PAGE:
Calcium imaging has gained substantial popularity as a tool to profile the activity of multiple simultaneously active cells at high spatiotemporal resolution. Among the diverse approaches to processing of Ca2+ imaging data is an often subjective decision of how to quantify baseline fluorescence or F0. We examine the effect of popular F0 determination methods on the interpretation of neuronal and astrocyte activity in a single dataset of rats trained to self-administer intravenous infusions of cocaine and compare them with an F0-independent wavelet ridgewalking event detection approach. We find that the choice of the processing method has a profound impact on the interpretation of widefield imaging results. All of the dF/F0 thresholding methods tended to introduce spurious events and fragment individual transients, leading to smaller calculated event durations and larger event frequencies. Analysis of simulated datasets confirmed these observations and indicated substantial intermethod variability as to the events classified as significant. Additionally, most dF/F0 methods on their own were unable to adequately account for bleaching of fluorescence, although the F0 smooth approach and the wavelet ridgewalking algorithm both did so. In general, the choice of the processing method led to dramatically different quantitative and sometimes opposing qualitative interpretations of the effects of cocaine self-administration both at the level of individual cells and at the level of cell networks. Significantly different distributions of event duration, amplitude, frequency, and network measures were found across the majority of dF/F0 approaches. The wavelet ridgewalking algorithm broadly outperformed dF/F0-based methods for both neuron and astrocyte recordings. These results indicate the need for heightened awareness of the limitations and tendencies associated with decisions to use particular Ca2+ image processing pipelines. Both quantification and interpretation of the effects of experimental manipulations are strongly sensitive to such decisions.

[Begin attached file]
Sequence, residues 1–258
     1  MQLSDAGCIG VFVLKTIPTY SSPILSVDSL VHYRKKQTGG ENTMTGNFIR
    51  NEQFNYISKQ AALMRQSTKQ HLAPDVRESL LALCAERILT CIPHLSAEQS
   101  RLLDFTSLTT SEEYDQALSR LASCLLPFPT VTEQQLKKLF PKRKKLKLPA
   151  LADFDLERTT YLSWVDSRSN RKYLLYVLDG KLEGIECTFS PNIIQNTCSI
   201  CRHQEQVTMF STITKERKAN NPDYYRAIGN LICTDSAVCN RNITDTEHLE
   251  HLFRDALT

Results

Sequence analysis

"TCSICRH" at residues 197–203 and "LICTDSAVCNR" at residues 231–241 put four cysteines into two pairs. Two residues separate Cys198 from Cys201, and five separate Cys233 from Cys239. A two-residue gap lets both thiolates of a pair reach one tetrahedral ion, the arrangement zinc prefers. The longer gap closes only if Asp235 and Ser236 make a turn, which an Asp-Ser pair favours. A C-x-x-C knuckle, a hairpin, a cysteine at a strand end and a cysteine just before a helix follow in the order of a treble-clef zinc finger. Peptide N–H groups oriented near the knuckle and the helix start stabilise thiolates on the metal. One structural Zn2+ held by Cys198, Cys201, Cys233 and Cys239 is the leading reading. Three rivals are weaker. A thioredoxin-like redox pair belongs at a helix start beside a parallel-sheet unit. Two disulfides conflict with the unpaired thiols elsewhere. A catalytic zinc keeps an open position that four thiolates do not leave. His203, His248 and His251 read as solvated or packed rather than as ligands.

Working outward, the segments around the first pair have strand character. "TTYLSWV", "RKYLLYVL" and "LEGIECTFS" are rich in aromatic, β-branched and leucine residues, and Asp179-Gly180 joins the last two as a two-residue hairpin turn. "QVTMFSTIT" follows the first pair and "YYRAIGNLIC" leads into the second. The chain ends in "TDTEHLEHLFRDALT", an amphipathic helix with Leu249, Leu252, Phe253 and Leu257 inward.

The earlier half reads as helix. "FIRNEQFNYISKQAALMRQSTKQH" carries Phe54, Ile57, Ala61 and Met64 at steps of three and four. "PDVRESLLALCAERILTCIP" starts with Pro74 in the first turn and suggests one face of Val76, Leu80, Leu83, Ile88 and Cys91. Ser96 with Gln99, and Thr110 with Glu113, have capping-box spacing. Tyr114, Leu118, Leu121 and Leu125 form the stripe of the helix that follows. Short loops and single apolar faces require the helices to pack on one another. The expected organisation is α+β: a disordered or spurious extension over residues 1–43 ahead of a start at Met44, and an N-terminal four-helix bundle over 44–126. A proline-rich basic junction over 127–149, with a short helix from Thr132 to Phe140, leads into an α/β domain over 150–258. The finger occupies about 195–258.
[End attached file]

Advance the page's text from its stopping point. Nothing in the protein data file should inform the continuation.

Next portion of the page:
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Published in Frontiers in Neuroscience, v. 15, article 620869.

© 2021 Neugornet, O’Donovan and Ortinski

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This work was supported by the National Institutes of Health R01DA041513 (PO).

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